Demystifying containers

Containers are useful to overcome compatibility problems when moving software from one environment to another.

Until recently, a container was something which went on a train or a ship. However, with the rise of a company called Docker, containers are now rapidly becoming a part of the information technology landscape. Software containers, to be more precise (and to distinguish them fully from cardboard boxes, Tupperware and those metal things they load on ships).

Let’s take a closer look at containers – and examine if they matter to you.

What is a software container?

Brace yourself, because the definition is quite technical – but essentially, a software container is a self-contained virtualised instance of an operating system.

There are alternative terms for containers which provide some conceptual hints at what they are: virtualisation engine, operating system virtualisation, virtual private server and our personal favourite, jail. 

It’s almost like multiple personality disorder for an operating system, or something out of Christopher Nolan’s Inception. There is a single host operating system; containers are fully contained schisms, which operate as complete runtime environments to host applications and servers as required.

So what does a software container do?

Containers are particularly useful for overcoming compatibility problems encountered when moving software from one environment to another. If that sounds odd, it shouldn’t: applications have to be developed somewhere, and that might be hosted on a laptop or in the cloud. But they are often then deployed elsewhere to be used.

The many differences and dependencies in the underlying operating system and other factors can create issues that prevent the application from working. In other words, containers are most useful for people creating software – it equips them to work in standardised environments, regardless of the computer on which they physically create their code.

In this respect, containers are not unlike those metal boxes which are loaded on to ships – and indeed, software containers are routinely conceptually equated with the logistical variety. By standardising, it becomes easier for people to work together and across a multiplicity of systems, just like the standard box size makes it easier to load cargo.

Sounds brand new and exciting

Settle down, because just like the virtualisation associated with VMware and other vendors, containerisation has a long history.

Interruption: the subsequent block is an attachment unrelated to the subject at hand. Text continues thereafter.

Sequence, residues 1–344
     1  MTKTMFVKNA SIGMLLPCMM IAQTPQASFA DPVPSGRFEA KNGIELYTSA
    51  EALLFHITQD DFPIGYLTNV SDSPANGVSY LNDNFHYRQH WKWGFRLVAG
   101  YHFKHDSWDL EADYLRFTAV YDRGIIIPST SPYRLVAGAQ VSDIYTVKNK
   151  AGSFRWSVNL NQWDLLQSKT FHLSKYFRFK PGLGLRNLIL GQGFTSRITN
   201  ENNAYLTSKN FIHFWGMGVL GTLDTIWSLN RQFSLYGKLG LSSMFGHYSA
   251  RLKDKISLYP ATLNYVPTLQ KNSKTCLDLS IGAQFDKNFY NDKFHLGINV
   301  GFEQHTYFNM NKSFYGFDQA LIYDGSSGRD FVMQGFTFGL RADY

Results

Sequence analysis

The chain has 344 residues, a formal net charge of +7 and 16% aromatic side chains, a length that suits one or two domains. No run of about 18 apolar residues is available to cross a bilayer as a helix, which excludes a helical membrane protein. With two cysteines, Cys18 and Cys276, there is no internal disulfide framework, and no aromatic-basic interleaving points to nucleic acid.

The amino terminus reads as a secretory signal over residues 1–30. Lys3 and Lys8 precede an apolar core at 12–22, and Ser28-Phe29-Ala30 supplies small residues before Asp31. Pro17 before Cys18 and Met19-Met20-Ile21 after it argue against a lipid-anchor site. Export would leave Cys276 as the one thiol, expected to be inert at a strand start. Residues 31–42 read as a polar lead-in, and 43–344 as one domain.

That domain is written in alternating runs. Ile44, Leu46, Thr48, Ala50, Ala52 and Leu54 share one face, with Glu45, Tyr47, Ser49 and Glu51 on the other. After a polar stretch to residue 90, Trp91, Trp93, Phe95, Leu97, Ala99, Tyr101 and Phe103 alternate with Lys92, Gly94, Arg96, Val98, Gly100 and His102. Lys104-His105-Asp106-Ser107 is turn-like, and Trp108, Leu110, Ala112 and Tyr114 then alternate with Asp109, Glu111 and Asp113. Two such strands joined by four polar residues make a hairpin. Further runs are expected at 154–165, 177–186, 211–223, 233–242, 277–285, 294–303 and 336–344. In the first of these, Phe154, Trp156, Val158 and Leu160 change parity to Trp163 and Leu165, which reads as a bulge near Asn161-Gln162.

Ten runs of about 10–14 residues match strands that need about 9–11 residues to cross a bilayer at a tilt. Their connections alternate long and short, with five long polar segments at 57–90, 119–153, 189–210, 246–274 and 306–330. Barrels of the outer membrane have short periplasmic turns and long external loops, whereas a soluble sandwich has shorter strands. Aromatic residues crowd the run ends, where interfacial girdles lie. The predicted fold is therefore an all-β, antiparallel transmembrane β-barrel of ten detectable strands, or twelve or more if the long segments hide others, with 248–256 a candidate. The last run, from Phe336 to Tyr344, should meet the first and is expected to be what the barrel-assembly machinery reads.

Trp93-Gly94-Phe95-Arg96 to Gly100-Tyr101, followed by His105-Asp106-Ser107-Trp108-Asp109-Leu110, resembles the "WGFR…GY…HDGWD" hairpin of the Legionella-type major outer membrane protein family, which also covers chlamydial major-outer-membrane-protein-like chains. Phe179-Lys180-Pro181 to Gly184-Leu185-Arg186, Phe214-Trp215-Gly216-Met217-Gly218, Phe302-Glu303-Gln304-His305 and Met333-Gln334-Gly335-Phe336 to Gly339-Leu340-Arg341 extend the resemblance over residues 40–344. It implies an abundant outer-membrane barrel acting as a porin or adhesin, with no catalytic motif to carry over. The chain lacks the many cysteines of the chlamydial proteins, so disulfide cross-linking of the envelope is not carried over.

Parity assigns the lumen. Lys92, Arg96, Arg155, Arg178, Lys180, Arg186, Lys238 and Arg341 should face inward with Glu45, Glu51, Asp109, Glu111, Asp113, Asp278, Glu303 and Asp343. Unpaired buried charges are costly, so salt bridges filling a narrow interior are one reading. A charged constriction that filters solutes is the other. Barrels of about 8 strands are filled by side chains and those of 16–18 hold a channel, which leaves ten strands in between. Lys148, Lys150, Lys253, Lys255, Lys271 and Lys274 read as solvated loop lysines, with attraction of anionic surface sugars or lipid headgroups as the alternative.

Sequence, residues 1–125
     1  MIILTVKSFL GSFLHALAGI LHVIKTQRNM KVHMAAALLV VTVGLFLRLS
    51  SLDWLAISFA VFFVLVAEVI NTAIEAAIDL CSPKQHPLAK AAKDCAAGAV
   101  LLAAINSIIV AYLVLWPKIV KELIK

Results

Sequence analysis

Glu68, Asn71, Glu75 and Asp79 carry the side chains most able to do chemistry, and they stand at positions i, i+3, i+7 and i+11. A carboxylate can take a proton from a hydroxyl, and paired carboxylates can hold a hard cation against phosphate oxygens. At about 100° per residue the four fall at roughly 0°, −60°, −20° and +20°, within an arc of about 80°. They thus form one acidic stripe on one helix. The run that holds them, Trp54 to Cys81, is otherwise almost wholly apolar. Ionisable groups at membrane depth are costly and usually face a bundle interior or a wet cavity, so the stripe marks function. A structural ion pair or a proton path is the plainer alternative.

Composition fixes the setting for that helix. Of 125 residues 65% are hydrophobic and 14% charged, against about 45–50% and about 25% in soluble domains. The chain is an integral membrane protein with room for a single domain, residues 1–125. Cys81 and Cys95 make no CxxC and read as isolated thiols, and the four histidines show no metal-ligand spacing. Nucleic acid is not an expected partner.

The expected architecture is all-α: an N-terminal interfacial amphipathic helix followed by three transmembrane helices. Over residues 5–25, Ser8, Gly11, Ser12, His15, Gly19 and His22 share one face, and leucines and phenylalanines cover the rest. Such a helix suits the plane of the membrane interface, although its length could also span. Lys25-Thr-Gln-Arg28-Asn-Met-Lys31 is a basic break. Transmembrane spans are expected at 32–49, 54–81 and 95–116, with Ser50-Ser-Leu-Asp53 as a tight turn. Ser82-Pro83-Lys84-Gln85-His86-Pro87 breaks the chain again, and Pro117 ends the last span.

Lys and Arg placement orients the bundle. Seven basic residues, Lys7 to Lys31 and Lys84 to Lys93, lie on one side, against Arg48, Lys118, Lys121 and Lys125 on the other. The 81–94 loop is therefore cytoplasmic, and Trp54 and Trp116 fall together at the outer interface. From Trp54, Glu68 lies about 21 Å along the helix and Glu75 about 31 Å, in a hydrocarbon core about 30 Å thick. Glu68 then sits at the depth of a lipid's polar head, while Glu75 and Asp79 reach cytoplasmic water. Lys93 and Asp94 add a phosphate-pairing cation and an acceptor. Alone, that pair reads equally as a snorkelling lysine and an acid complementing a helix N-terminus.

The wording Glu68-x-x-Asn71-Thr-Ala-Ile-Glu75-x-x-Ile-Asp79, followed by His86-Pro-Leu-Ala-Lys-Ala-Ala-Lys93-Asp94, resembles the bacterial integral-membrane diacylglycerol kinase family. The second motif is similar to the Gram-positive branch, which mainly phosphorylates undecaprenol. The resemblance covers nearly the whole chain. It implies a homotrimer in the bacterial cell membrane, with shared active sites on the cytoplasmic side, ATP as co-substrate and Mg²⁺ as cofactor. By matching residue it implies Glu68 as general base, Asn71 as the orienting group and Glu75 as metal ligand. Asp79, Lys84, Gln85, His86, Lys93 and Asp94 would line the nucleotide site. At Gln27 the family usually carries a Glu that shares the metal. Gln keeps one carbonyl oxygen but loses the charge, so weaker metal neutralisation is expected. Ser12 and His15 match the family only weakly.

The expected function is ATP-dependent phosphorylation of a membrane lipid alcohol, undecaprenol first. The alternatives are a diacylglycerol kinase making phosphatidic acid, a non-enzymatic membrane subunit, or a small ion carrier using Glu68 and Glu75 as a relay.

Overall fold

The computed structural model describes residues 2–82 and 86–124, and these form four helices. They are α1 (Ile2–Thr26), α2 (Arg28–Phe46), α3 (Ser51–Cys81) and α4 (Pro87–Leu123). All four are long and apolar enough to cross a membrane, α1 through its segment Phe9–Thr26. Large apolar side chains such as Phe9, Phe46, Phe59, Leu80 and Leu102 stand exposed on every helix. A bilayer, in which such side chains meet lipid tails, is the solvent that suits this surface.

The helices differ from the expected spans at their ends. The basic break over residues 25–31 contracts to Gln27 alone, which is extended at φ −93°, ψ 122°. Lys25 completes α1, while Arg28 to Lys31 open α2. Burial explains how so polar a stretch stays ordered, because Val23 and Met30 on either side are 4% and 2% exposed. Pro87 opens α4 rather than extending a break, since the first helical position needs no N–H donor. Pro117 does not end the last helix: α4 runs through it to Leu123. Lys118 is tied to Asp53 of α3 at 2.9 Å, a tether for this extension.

The recent zoom into the jargonosphere is driven by the emergence of Docker, a company founded by Solomon Hykes. An open source toolkit which automates the deployment of applications in containers, Docker’s first release came in 2013.

So why are containers a big deal, thanks to Docker?

This is the crux of it. Quoted in Readwrite, Hykes explained the problem that Docker solves. “ … your app is supposed to span any number of machines, it’s supposed to continue running even if you swap out machines, as you go from your own servers to Amazon or Google Compute Engine. The biggest problem is how do I package my app so that it can be moved around from machine to machine?”

As you’ll have noticed, apps are everywhere today; the number of platforms and operating systems has only grown and the difficulty of producing an app that works is, as a consequence, heightened.

What Docker does is to make it easier to build an app once and then get it to work on any operating system.

American intelligence company 451 Research helps with a more digestible insight: "Docker is a tool that can package an application and its dependencies in a virtual container that can run on any Linux server. This helps enable flexibility and portability on where the application can run, whether on premises, public cloud, private cloud [or] bare metal.”

Can I make money out of containers?

If your target market is software developers, then probably yes. Containers have the ear of the who’s who of high-profile companies – Amazon Web Services, Cisco, EMC, Fujitsu, Google, HP, Huawei, IBM, Intel, Microsoft, Pivotal, Red Hat, VMware and many more – and users include eBay, Spotify and plenty of others. 

Docker (which is not the only company to provide container solutions) enjoys the highest profile, but there are definite opportunities as the concept of software containers enjoys widespread support – including for the widespread deployment of cloud applications.

Further reading






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